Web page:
She says:      But honey, you always forget. Why don't you care enough about it to remember. It's not such a big deal. Why don't you write a note to yourself or set the timer on your cell phone.

 

He says:      Nah, it's OK. I'll remember next time.

 

She says:      Now it's going to smell all week. You promised me. Can't you make your promises good?

 

He says:      You're making too much of this. Just forget about it. It won't smell. It's only if you open the lid that it will smell.

 

She says:     Oh, No, it's horrible. The neighbors can smell it on the other side of the fence.

 

He says:      I don't know. I didn't notice that.

 

Etc.

You can see that in the above subjective approach the wife is not getting anywhere with him. He just starts arguing with her about the details of the garbage smelling or not smelling. This is not what she wants, not what she needs, not what will put her mind and feelings at rest. Notice that the wife's statements are all about her husband and his behavior, while in the objective approach, the wife's statement are all about herself, her feelings, her needs, her wants.

 

Study the contrast between the objective and subjective approaches in the examples below:

 

Objective feedback approach:

 

Or, "I am getting sick with stress because you are not talking to me about it."

 

Or, "I feel totally bummed out. I feel it's totally unfair for you to do this."

 

Or, "I feel that you are not listening to me. I'm getting more and more upset because you won't take care of my feelings."

 

Or, "I'm very annoyed at you. I want you to stop."

Etc.

 

Subjective feedback approach:

 

"You are lazy. When are you going to fix yourself?"

 

Or, "You are not listening to me. What is wrong with you?"

 

Or, "You forgot again. You're being totally unfair. You're so annoying."

 

Or, "You're being ridiculous. There you go again."

Etc.

 

Study the differences. You will see that all objective statements start with "I" while all subjective statements start with "You." This may be the reverse of what you had thought until now. but consider the logic of it. The only objective statements we can make are those that start with "I" since no one else can observe directly how you feel or what you think. So your statement reporting on how you feel or what you think is objective.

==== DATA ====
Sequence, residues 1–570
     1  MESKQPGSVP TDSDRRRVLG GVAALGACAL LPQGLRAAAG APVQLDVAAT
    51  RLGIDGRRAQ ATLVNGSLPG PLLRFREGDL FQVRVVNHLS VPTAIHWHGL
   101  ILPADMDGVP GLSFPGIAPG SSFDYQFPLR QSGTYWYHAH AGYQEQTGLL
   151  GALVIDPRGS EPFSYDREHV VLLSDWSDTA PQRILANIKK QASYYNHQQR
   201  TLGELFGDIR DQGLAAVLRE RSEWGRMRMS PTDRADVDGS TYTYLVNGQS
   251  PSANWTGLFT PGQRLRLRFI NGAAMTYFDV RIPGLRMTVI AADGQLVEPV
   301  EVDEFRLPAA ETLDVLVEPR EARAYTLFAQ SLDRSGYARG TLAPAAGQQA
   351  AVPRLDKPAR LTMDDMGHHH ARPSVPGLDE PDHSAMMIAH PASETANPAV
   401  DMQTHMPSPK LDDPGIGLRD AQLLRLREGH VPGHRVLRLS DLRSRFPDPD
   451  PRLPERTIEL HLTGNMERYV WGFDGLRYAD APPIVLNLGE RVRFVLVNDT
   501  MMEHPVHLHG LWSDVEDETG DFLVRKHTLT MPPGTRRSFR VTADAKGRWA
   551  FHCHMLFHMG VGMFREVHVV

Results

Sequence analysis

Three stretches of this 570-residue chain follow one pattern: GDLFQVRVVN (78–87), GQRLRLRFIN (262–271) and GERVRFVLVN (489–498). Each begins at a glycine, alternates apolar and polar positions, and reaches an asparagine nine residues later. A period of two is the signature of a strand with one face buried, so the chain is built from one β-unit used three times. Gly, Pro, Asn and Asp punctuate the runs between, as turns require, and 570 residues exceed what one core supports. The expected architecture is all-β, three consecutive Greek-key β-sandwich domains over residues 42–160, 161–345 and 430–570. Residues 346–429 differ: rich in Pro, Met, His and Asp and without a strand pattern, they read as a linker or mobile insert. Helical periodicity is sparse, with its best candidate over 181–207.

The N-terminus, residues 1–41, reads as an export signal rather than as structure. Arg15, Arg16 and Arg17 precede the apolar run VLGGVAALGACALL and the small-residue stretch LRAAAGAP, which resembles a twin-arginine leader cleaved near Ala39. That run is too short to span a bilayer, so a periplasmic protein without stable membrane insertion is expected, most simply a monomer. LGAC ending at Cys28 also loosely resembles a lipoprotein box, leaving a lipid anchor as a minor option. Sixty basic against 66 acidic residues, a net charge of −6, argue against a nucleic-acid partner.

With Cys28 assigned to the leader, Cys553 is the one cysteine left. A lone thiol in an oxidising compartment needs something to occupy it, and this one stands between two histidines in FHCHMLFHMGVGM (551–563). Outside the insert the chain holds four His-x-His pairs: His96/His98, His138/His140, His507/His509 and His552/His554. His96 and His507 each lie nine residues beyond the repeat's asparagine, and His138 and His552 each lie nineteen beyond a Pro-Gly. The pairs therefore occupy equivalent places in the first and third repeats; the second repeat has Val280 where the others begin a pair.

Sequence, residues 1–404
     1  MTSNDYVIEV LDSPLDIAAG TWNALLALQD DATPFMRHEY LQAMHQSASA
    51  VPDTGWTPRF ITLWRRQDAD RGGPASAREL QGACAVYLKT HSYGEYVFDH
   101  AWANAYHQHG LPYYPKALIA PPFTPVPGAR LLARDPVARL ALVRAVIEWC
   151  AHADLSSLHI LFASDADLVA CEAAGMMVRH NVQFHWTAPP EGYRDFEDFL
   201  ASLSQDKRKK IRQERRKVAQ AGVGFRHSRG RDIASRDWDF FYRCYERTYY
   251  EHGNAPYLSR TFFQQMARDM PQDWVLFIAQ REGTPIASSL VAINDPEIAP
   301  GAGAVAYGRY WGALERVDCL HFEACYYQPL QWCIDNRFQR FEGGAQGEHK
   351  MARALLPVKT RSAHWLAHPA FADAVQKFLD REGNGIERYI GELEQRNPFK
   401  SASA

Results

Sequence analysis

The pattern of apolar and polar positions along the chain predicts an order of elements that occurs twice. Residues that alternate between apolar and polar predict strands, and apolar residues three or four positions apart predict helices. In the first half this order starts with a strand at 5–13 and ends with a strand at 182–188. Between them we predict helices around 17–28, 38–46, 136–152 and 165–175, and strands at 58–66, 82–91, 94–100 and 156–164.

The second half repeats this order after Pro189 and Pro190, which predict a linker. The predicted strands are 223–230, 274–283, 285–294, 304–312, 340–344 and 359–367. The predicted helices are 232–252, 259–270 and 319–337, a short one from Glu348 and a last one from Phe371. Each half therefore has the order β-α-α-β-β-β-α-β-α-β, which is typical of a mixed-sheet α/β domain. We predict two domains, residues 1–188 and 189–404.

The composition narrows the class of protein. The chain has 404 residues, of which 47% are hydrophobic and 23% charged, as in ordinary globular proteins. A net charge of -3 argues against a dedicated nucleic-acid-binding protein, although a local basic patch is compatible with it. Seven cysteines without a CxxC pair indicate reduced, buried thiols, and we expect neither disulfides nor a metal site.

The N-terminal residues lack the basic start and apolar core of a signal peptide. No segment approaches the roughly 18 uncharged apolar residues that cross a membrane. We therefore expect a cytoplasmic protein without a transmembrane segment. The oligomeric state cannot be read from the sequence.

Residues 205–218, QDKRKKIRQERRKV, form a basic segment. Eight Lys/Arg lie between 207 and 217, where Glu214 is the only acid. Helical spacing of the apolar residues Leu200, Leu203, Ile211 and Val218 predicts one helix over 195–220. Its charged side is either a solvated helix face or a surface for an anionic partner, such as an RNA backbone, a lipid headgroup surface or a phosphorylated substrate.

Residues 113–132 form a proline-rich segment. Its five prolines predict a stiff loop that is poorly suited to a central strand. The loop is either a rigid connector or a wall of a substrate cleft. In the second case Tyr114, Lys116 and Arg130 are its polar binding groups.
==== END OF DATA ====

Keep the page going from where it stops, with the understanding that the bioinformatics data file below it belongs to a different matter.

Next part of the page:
For the same reason if you start a statement with "You" then you're going to have to guess subjectively what the other person is doing or thinking or feeling. That's where the exchange starts failing. The husband simply denies that he feels this way or thinks that. He is going to reinterpret what you say and you fail to make your point to him. But he cannot call into question statements you make about yourself that you are informing him about.

 

Notice that the wife is telling the husband how she feels about what he is doing or not doing. So she can talk about what he should do or stop doing by telling him how she feels about it herself. Now it is up to him. If he says "Well, I don't care that you feel this way." then she knows where they stand. He cannot hide it or pretend. It's better that his attitude be called out into the open because then it's on the table and she can tell him how she feels about it.

 

So the wife's strategy to help the husband is to always confront him with objective statements about herself regarding how she feels about him or what he is doing or not doing. Everything a husband does is something he does to his wife. Until he recognizes this truth and reality, he is avoiding unity, avoiding true love, true friendship, and ultimately, conjugial unity in eternity.

 

EXERCISE 21.1

 

Make up two different dialog exchanges between a man and a woman, married or living together. Pick any two topics other than taking out the garbage. Show the dialog to your partner or friends. Discuss it with them from your perspective on mental intimacy. Explain to them the difference between objective and subjective comments. What are your observations or conclusions from these discussions?

 

 

Names of the Couples

 

For all the Scenes written by generational students the names of the couples will be as follows:

Man-Centered Couple:                 Brent and Jane (one syllable)

Equity Couple:                                   Henry and Nancy

Woman-Centered Couple:          Anthony and Charity

 

Synopsis of Scenes

 

Scene 1

i)        See the following pages for a background context for this Scene.
Dr. Laura book: pages 19-20; 30-31; 61-67.
Tanner book: pages 40-47.
DeAngelis book: pages 177-181.
Dr. James book: Section on Conjugial Accommodation

ii)       He comes home from work. She is in the kitchen on the phone with her mother taking care of a crisis. She covers up the phone to talk to him and explain. He is not pleased. He gets himself a beer from the refrigerator. She ends her call.

iii)     They have a talk while he is drinking his beer and she is making preparations for dinner.